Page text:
“I've been riding my bike a lot, trying to figure out life, which is the same reason I did it to start with, so I've come full circle. I'll always ride my bike. But I'll never start on a line on a road and try to get to another line on a road faster than another guy. That's over.”
So ends the pro cycling career of Floyd Landis, 35.
At one time seen as the athlete most likely to continue America's superior role at the Tour de France after Lance Armstrong's retirement, his success turned sour in a doping scandal that earned him the moniker, “disgraced cyclist.”
Landis told Ford at ESPN.com that he is retiring after spending five years trying to get back to a place in the sport that he can never get back to, and it is causing too much stress in his life.
The Pennsylvania-born cyclist has been known most recently as leveling accusations against Armstrong and his associates for doping, which was strenuously denied by Armstrong. Landis went public with the allegations at the beginning of the 2010 Tour of California in May after discussing the issue by e-mail with cycling officials.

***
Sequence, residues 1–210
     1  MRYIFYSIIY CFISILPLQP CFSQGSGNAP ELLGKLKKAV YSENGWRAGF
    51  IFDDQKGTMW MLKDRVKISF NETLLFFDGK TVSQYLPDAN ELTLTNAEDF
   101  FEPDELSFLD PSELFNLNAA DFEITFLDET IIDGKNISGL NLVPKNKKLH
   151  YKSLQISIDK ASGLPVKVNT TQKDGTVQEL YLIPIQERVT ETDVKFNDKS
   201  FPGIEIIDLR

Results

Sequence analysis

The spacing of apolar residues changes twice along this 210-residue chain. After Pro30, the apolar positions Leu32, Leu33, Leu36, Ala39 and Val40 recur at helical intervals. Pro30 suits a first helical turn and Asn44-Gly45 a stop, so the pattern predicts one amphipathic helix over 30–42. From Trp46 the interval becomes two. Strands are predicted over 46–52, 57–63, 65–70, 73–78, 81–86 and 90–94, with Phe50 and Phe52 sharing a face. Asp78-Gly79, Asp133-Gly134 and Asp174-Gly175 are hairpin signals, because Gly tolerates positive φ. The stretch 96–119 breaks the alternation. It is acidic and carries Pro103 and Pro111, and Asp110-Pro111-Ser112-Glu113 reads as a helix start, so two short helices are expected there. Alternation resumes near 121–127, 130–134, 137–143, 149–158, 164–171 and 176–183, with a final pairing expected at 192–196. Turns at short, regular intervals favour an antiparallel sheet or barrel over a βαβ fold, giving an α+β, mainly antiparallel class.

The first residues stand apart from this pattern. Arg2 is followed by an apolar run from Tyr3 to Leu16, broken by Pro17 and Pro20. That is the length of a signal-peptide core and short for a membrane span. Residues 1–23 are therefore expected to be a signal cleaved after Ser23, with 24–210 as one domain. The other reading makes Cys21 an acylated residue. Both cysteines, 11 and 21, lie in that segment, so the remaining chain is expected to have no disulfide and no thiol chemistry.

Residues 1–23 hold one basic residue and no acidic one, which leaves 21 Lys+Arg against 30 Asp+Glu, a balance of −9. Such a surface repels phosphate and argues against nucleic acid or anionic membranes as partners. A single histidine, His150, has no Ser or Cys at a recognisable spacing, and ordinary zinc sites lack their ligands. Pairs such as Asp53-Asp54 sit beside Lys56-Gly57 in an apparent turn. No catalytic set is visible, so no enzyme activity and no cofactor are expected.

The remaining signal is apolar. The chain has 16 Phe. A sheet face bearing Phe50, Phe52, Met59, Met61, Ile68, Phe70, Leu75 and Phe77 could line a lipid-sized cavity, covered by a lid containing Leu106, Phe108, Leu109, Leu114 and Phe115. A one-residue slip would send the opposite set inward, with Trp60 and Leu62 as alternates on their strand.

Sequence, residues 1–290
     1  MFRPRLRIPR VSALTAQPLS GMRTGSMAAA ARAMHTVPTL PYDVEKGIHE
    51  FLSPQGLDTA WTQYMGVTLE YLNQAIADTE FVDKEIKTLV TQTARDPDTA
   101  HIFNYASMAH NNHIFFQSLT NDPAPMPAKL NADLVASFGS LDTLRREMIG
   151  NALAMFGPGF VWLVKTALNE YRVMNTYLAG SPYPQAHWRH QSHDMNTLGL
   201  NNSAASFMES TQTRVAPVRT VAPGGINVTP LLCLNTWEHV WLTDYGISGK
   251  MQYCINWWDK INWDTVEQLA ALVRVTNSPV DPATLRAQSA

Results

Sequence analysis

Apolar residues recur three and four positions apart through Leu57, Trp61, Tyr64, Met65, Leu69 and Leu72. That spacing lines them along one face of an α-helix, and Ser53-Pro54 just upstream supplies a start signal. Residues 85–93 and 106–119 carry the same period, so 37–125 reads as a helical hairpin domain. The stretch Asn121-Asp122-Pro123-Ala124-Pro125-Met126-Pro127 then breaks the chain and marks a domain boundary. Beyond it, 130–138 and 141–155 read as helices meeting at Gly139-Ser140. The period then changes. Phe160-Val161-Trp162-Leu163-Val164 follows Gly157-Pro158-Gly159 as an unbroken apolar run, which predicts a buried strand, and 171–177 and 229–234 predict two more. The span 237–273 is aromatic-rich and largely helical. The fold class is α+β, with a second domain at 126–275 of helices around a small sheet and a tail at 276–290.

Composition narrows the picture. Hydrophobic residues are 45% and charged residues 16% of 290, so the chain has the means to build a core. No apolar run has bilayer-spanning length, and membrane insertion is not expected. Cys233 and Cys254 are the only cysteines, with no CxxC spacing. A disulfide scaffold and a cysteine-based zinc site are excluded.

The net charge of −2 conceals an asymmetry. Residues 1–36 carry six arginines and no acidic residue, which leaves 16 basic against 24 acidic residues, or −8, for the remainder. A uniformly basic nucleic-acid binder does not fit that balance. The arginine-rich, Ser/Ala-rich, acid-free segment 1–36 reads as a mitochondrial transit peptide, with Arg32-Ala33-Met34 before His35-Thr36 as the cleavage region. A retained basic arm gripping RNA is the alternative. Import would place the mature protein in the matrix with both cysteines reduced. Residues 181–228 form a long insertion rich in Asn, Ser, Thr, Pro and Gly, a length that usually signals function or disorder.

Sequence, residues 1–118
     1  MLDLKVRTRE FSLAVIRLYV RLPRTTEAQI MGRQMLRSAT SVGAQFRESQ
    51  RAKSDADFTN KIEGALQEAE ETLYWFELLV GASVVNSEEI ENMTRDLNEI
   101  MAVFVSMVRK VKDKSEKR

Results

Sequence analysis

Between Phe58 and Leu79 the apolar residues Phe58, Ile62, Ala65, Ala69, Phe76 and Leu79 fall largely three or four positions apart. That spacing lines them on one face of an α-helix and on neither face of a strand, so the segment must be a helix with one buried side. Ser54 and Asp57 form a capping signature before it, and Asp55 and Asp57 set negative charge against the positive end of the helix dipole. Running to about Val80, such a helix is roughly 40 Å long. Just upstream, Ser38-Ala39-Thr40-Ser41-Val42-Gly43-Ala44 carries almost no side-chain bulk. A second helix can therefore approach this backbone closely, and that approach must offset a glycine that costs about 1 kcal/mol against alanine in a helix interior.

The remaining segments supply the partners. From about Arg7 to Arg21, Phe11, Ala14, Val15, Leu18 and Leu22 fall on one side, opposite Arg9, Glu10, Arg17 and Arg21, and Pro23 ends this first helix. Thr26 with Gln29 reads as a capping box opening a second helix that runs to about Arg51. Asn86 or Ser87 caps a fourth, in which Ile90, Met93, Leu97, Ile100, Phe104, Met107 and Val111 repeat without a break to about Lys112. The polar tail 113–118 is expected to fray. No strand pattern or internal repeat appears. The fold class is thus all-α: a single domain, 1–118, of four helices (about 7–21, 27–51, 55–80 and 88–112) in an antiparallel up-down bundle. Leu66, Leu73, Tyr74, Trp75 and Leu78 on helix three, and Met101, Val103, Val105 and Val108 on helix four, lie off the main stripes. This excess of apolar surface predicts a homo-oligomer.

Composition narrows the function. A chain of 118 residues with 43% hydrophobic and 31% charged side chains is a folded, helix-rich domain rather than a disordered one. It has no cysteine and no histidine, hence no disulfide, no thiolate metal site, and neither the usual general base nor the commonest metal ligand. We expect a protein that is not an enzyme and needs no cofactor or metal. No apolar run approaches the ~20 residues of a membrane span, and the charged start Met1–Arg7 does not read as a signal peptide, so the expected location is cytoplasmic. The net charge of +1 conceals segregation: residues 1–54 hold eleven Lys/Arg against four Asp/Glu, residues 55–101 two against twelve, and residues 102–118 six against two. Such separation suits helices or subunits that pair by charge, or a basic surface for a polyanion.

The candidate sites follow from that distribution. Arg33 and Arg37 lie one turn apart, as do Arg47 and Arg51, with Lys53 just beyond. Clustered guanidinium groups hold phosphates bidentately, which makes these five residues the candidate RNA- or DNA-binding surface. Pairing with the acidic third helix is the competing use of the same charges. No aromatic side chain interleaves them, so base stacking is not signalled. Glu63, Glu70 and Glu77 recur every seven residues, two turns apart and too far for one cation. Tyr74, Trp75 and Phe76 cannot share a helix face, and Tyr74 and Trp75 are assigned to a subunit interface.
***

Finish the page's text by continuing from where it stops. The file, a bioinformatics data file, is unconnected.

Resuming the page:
Throughout most of the year, Landis has been racing without a team. He raced briefly for the Bahati Foundation cycling team in early 2010, but they parted ways after Landis went public that he lied about not doping during the 2006 Tour de France.
Landis fought the allegations against him and wrote a book, the aptly named “Positively False.” He finally served a two-year ban from pro cycling until Jan. 30, 2009, when he returned as a member of the OUCH Cycling Team.
He then raced briefly for the Bahati Foundation pro cycling team in 2010, but became convinced that he'd been blacklisted from the top teams and top races, according to Ford. In addition to going public, he also began meeting with federal investigators who opened the current doping probe against Armstrong and Tailwind Sports.
Landis told Ford that he doesn't want it to appear that he's quitting because he's bitter. Ford concludes:
“But he added that he is disillusioned with what he termed systemic corruption and hypocrisy in cycling and said he is pessimistic that real progress can be made in changing its doping culture.
'I'm relatively sure this sport cannot be fixed, but that's not my job, that's not my fight,' he said.”